Hot cross bun baking
Though there are many recipes to be found that shall guide you step by step to homemade hot cross buns, we stray never from this one here. It is the result of two hand-me-down family recipes, blended together. One part passed from granny to grandson and the other from grandpops to granddaughter that our founders compared, contrasted and from there created their very own version baked with currants, cranberries and memories of their respective childhoods. It is with this ingredient list and series of steps, stood in their cottage kitchen, that they always bake a batch of buns to see them through the entirety of the long Easter weekend.
From the pantry
500g strong bread flour
75g caster sugar
7g instant dried yeast
The zest of one large orange
1 large egg
150g sultanas or currants
A sprinkling of salt
1. Tip the flour and sugar into a large mixing bowl, then on one side add the salt and on the other, the yeast. It’s important to keep them separate as they simply don’t get along.
2. Separately, add the milk, butter and orange zest to a small glass bowl and heat on the stove or in the microwave until the butter has turned to liquid. The aim here is not for the mixture to be too hot, just warm enough to melt.
3. Pour the liquid into the flour bowl and mix for less than a minute so that it combines – with a dough hook should you be using a mixer or with a wooden spoon if by hand.
4. Now add a beaten egg and mix once more. This time, for five minutes. We tend to to this by hand, and so knead using a lightly oiled surface (not flour as this made ours turn tough one year) for between five and ten minutes.
5. Stir through the currants and cranberries before sprinkling the cinnamon, stirring just long enough so that they’re interspersed.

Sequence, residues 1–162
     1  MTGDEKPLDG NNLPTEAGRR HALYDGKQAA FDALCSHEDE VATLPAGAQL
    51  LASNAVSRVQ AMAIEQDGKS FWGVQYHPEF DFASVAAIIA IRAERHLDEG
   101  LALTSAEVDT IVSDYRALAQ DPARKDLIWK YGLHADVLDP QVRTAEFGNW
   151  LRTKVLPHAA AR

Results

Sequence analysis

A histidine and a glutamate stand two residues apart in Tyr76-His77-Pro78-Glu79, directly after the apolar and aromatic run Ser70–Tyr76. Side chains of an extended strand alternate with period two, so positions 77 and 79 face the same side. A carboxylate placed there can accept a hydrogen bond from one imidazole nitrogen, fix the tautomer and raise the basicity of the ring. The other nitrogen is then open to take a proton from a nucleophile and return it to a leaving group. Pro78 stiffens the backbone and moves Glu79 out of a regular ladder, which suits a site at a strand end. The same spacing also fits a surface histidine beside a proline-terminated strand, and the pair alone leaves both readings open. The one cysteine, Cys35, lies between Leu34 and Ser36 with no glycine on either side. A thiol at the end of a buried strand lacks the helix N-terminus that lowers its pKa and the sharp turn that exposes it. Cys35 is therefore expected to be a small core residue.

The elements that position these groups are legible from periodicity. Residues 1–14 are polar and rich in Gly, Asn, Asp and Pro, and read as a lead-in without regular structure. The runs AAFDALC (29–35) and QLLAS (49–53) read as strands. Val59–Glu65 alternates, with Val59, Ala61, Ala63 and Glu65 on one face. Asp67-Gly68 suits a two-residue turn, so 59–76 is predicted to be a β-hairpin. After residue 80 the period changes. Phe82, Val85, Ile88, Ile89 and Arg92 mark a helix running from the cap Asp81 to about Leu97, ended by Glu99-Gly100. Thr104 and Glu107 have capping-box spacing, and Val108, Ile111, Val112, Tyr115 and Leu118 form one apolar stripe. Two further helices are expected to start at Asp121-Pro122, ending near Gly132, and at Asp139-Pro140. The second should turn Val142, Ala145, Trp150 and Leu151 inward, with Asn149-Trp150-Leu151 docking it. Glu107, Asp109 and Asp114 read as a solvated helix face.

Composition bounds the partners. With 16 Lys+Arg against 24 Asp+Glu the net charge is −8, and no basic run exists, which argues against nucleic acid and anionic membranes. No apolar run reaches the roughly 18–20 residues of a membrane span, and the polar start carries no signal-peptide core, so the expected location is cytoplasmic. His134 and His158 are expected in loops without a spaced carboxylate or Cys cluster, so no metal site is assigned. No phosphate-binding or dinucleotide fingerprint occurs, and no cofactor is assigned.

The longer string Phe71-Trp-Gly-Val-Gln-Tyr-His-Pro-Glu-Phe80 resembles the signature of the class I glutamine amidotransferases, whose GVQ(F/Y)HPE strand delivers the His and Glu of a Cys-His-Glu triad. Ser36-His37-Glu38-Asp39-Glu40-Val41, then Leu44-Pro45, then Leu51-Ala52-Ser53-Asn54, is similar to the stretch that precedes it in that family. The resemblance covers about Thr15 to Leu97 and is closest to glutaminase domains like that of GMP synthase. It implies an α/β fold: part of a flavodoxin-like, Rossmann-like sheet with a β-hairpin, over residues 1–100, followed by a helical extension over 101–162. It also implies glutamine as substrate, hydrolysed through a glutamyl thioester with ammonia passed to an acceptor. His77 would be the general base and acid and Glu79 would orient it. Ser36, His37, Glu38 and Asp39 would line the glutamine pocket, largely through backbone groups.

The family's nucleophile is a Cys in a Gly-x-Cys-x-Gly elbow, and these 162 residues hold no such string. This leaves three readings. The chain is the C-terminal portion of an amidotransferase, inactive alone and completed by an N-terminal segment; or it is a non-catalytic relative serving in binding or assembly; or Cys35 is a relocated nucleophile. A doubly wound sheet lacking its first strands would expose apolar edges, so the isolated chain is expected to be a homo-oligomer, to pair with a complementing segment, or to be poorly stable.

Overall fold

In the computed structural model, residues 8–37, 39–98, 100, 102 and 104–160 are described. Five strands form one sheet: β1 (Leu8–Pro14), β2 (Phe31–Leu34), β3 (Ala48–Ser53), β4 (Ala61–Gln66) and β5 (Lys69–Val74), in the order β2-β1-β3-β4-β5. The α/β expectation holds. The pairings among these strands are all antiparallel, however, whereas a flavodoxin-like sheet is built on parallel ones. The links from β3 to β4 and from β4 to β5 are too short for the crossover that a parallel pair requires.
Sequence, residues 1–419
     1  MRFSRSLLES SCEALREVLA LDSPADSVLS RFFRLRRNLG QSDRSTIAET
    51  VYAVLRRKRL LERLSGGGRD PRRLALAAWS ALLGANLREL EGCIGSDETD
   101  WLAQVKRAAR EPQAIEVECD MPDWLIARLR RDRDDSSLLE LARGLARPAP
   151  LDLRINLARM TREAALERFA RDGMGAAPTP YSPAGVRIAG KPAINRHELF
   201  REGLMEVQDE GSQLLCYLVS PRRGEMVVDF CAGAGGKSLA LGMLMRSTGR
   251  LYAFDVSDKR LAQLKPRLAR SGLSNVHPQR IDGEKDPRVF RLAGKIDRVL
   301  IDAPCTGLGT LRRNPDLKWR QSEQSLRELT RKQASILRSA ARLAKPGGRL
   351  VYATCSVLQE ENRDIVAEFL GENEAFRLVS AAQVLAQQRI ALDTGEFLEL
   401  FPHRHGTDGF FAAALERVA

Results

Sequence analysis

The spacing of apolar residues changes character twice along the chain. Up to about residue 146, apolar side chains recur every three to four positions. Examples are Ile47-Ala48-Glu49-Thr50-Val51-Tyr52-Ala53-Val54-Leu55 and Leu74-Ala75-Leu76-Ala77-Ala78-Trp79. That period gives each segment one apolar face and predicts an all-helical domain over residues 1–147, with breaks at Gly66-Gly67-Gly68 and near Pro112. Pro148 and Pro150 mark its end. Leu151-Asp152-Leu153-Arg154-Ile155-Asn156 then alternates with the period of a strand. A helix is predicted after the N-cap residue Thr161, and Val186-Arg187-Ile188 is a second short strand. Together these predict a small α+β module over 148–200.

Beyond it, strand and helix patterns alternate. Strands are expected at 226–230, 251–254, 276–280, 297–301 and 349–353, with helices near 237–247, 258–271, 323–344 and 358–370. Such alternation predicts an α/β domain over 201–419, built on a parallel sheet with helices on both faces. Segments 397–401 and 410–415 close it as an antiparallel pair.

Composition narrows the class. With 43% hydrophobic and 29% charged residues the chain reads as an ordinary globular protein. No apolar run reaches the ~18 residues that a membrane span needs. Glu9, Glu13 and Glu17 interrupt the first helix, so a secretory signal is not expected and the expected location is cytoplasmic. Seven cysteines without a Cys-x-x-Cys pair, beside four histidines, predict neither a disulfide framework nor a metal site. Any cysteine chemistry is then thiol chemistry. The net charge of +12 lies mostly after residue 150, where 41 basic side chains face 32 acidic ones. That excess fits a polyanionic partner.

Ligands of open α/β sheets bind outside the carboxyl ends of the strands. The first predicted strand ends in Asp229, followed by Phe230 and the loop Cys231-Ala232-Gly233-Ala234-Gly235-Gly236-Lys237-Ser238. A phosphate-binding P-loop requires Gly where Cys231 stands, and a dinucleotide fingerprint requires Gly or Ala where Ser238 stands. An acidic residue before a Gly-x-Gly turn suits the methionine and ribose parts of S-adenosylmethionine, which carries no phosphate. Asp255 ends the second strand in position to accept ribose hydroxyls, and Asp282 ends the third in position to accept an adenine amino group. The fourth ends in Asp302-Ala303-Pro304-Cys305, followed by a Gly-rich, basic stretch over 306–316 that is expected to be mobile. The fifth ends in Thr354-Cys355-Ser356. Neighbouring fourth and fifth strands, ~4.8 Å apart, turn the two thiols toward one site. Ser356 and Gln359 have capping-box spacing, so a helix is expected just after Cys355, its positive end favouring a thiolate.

6. The dough needs to rest (as you might too!) in a ball, in a bowl that’s lightly oiled, and covered with cling film in a warm room (or proving drawer if you’re fortunate enough to have one) for 1-2 hours. It should double in size.
7. Once proving time is up, section the dough into buns however big or small you fancy, shaping them into a neat ball. We tend to do between 15-20 – some purposefully much smaller for our 18-month year old.
8. Drop them onto baking sheets lined with parchment and then pop inside a clean carrier bag to prove for one more hour. They’ll likely spread when baking but you can simply tear them apart.
9. In the final 15 minutes of proving, we tend to put the oven on to preheat to 200 degrees. As it heats, you can make the cross to pipe on top.
For the cross
3tbsp plain flour
5tbsp cold water
10. Mix the flour and water (you can add more flour if it seems too sloppy) using a fork until you reach a thick paste. If you have a piping bag, dollop it into there with a small round nozzle. Otherwise, go freehand, and pipe a cross on every proved bun.
11. Into the oven they go to bake for roughly 20 minutes. During which, you can prepare the sticky marmalade glaze that goes on top by simply warming up at least three heaped tablespoons of marmalade.
12. When the buns are baked, quickly spread the marmalade on top of every one using a pastry brush, and then tuck in with a home-baked bun in one hand and a cup of tea in the other!